Escaping to the ultimate hideaway haven
Barely five miles long and less than a half mile wide, this enchanting island is a speedy 30-minute ferry ride from Cancun. Despite its boutique size, Isla has ample restaurants and night spots plus a slew of sultry, white-sand beaches. And better still, the island manages to hold onto its quaint fishing-village ambience.
Isla has generated a huge cache of historical legends, lore and fact. Even the genesis of its name is up for grabs. Centuries ago, the Maya of the Yucatan Peninsula designated it a sacred spot devoted to the worship of Ix’chel, goddess of the moon and fertility. (The remnants of her temple stand at the southernmost tip of the island.) In 1517, the Spanish Conquistador Fernando Hernandez de Cordoba set sail from Santiago de Cuba in search of slaves. Blown off course he stumbled upon the triggerfish-shaped island. Seeing only women and temples filled with female deities (all the men were out fishing, the story goes), he dubbed his serendipitous discovery Isla Mujeres, literally “island of the women.” In the 17th century, buccaneers and swashbucklers deemed the island a handy place to stash their loot-and their women-while they continued playing on the open seas. While some of these historical details are in dispute, the charm of the island is uncontested.
First things first: It’s too darn hot to explore this pint-sized tropical island on foot. Cruise around by moped, golf cart or, if you’re feeling like a kid, in a crayon-colored Kawasaki jeep (the latter offers the ease of a moped with the safety and comfort of four wheels). A one-day rental is about $60 (US). And there’s no need to fret about theft insurance. As one operator noted, “It’s a small island. If the cart gets stolen, we’ll find it.”
On an island this compact, bewitching sights and scenery abound. In the center of town, on the north side of the island, stores painted banana yellow and lime green with scalloped balconies line the narrow cobblestone streets of the shopping district. Comparison-shop and hone your negotiating skills. While the merchandise is similar, the quality varies. At the Mercado de Artisanias, the local crafts market located off the Calle Matamoros, you can pick up unique locally made objects. If your tastes lean more to Van Cleef & Arpels, you’ll find one on Ave. Morelos. But, really, shopping isn’t the reason to visit this island. It’s all about water.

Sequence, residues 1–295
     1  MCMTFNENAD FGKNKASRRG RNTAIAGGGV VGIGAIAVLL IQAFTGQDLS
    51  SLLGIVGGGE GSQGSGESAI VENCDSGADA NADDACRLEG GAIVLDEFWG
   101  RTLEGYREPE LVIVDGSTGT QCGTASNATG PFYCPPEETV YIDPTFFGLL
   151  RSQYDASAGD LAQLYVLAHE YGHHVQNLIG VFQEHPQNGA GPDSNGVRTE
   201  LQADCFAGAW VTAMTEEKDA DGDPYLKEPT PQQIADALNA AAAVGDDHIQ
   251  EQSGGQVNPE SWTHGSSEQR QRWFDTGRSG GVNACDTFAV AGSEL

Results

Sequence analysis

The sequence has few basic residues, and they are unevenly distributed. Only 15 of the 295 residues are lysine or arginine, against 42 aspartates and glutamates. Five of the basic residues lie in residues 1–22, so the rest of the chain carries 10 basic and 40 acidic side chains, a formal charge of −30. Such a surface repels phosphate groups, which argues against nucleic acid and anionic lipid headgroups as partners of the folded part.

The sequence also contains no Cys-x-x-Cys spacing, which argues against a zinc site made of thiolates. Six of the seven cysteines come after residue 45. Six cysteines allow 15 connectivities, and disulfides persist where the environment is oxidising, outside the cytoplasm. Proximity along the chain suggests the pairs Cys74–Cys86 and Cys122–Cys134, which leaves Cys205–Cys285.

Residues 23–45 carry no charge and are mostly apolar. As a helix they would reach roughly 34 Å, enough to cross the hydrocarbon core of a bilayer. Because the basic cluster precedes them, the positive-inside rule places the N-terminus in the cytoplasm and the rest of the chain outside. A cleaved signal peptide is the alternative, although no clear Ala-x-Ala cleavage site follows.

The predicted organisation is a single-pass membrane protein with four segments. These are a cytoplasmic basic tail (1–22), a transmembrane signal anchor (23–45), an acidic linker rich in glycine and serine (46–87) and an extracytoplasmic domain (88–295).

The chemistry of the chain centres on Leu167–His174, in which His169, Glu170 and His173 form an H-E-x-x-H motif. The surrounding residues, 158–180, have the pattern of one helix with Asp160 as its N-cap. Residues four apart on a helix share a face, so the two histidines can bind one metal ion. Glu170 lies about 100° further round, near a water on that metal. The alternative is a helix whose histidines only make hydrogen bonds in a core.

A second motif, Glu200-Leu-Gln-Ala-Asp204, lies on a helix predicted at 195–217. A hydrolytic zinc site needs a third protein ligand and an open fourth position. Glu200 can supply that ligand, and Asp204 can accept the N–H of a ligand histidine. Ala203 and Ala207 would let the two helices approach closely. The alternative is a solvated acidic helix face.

Garrafon Park, on the easternmost end of the island, is an ecological preserve, aquatic playground and a superior spot to spend a long, leisurely day in and out of the water. Kayak, snorkel, scuba, float in an oversized inner tube, catch a cable ride out over the water or take it easy just swinging in a hammock on the grassy knoll overlooking the park. In the afternoon, a local band convenes outside the ice cream bar. On occasion, a parrot family that resides on a perch nearby seems to sing along. The avian quintet, their iridescent blue and green feathers sparkling in the sun, makes up in enthusiasm what they lack in vocal styling. And, before you exit this Eden, stop at La Tienda, a boutique stocked with locally made Caribbean/Mexican clothes.
Passionate scuba divers sign up for a trip to the Cave of the Sleeping Sharks, discovered years ago by Jacques Cousteau. In an underwater cenote, reef sharks gather in groups to feed on microscopic sea creatures. If you prefer close encounters minus the diving gear, head for Dolphin Discovery, where you can spend a half hour getting up close and personal with a pair of dolphins. The dolphins glide around you, beside you, vocalizing, snacking on seafood provided by their trainer and generally readying themselves for some amazing antics. Kissing, nuzzling and other dolphin behaviors, including that irresistible Flipper-like giggle we humans find so enchanting, are not learned responses but rather behaviors these amazing creatures routinely exhibit in the wild. With hand gestures and rewards, the trainers prompt the dolphins to repeat those behaviors on cue. Short of skydiving, few experiences equal the thrill of shooting through the water, propelled by the dolphins’ snouts gently pressed against your instep.
What can top a ride with and a kiss from one of these amazing, irresistible creatures? Nothing much, though nuzzling a nurse shark at Playa Paraiso isn’t a bad follow-up. A trainer keeps watch as visitors enter the sharks’ cordoned off seawater pool. Make sure your traveling companion has the camera ready before the trainer places one of these spongy creatures in your outstretched arms. They’re docile, slippery and very heavy.
If these close encounters of the aquatic kind leave you thirsty, head for the beach bar at the Hotel Na Balam on the Playa Norte, one of the most beautiful beaches on the island. The regulars show up at three for the two for one cocktail hour. (The lunchtime grills, selling lobster and local fish by the ounce, are also worth a detour.) Park yourself on one of the wooden swings or pull up a beach chair facing the water and wait for the sunset while sipping your tequila sunrise.
Entry requirements: passport or original birth certificate
Language: Spanish and some English
Currency: Mexican Peso
For more information: isla-mujeres.net
Dolphin Discovery: DolphinDiscovery.com
Garrafon Park: garrafon.com
Na Balam: nabalam.com